USA, Ukrainian soup that goes against Putin

USA, Ukrainian soup that goes against Putin

The answer to Vladimir Putin’s invasion is beetroot soup. It is called a Porsche and its provenance is disputed between Russia and Ukraine. Two Americans in their 30s, Lawrence Faber and Emily Williams, sided with Kyiv. They imported the recipe to the United States after a two-month stay in Odessa. Now borsch is the signature dish of Bosch, a deli that Faber and Williams opened this past March in Knoxville, Tennessee.

A few days after the start of the special operation of the Russian army in Ukraine, the Americans, a married couple in life and work, donated the proceeds from the sale of borsch ($ 5,000, about 4,500 euros) to the Ukrainian. People.

Potchke, which was planned to open even before the start of the war in Eastern Europe, falls in the category of places that in the United States are defined as pop-ups, animated restaurants in the literal sense of the word, i.e. that come alive from nothing for a specific period of time. Faber and Williams have chosen a similar way to generate income as they plan to open a modern Ukrainian bistro inspired by their trip to Odessa.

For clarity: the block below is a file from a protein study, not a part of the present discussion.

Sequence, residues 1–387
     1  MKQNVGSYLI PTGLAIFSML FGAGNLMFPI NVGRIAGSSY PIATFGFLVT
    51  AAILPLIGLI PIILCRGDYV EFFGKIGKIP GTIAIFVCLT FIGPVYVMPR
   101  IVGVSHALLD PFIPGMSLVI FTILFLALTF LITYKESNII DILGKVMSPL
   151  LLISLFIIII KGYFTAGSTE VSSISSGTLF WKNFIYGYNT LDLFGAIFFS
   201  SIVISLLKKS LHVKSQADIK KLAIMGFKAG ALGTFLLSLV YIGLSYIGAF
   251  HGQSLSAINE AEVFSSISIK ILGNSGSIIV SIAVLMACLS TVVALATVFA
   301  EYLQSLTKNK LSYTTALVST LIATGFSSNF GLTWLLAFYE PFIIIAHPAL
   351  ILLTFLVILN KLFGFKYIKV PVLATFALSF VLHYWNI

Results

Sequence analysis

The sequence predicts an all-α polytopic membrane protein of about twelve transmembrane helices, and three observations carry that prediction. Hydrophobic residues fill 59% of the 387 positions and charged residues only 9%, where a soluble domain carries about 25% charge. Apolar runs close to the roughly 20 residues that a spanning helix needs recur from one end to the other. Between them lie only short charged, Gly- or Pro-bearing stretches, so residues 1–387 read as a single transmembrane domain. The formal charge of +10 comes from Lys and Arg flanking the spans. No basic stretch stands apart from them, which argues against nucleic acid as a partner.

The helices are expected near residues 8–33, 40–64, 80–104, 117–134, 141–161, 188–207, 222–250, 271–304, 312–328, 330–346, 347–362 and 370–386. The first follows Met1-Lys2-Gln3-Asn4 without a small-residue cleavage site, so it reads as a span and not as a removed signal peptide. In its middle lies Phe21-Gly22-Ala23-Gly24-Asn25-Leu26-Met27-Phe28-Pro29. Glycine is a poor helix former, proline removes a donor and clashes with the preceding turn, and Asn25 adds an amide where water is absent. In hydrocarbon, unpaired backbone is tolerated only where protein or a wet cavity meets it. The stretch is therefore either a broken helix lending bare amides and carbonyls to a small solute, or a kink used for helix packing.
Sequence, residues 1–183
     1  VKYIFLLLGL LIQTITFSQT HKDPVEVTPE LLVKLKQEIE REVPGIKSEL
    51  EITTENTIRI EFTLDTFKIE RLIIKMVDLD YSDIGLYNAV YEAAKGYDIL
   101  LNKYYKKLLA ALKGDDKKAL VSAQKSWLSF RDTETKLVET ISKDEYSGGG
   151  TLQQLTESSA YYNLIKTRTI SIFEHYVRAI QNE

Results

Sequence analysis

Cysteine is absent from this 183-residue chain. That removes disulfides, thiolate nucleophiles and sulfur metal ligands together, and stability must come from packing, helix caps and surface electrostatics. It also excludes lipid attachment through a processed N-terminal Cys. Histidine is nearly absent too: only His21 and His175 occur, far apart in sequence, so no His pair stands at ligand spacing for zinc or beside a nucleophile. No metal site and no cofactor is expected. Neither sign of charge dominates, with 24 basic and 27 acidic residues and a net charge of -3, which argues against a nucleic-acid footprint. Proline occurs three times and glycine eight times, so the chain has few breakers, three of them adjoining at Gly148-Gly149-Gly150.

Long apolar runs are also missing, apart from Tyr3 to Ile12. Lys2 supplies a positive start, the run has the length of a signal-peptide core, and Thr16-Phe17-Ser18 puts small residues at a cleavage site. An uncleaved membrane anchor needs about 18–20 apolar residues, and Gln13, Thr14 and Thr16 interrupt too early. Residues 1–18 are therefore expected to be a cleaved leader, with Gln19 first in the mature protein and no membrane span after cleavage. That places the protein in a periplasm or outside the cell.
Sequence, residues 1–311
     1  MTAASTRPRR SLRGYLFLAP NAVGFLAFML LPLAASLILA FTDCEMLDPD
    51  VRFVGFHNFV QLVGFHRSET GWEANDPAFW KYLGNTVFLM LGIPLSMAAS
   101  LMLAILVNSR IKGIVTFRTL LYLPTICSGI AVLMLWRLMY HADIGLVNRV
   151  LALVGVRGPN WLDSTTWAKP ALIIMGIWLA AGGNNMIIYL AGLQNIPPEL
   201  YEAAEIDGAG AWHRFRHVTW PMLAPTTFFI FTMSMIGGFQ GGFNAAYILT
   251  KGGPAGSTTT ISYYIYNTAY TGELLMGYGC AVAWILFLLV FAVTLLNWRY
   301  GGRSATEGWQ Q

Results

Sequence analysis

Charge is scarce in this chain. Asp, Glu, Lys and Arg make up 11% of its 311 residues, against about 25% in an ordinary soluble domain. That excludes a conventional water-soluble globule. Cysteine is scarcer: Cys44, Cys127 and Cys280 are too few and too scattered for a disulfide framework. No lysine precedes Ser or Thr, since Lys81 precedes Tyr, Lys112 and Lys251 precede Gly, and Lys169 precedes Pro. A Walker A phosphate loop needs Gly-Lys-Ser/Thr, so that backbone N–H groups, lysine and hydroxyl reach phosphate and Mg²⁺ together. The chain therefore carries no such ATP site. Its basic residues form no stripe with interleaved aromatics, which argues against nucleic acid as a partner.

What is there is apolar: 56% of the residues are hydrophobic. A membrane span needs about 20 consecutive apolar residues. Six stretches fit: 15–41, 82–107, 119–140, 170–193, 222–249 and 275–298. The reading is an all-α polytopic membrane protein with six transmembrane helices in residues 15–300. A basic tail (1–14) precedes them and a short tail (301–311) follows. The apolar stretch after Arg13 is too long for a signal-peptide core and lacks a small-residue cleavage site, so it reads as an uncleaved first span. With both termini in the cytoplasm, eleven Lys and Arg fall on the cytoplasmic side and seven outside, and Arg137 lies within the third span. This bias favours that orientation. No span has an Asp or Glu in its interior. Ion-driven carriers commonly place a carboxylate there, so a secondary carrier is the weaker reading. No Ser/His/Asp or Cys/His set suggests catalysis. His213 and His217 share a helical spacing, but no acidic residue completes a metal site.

Hanging on the walls of the dining room Potchke are pictures of those days spent in the port of the Ukrainian city. “The place has never really inspired us,” Faber told the New York Times, noting that he was particularly influenced by Jewish culture rooted in Odessa and the menus written in Yiddish.

Shortly before their return to the United States, the couple met chef Igor Mizensev, a chef from Kharkiv who invited the two to cook venison purchased from a local farmer and search for mushrooms and berries for a side dish. “One thing I’ve learned is that being in the Carpathians is a bit like being in the Smoky Mountains,” said the American director of the mountain range on the Tennessee-North Carolina border.

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American chef’s soup has become so popular that customers, as soon as lunch or dinner are over, leave with a selfie with the owners. Who, at the moment, are cooking soup against Putin and turning their thoughts to Ukraine. “It is very difficult to understand everything,” they explained. “What we do know is that we had a great time in Ukraine, learned many things and can’t wait to go back.”

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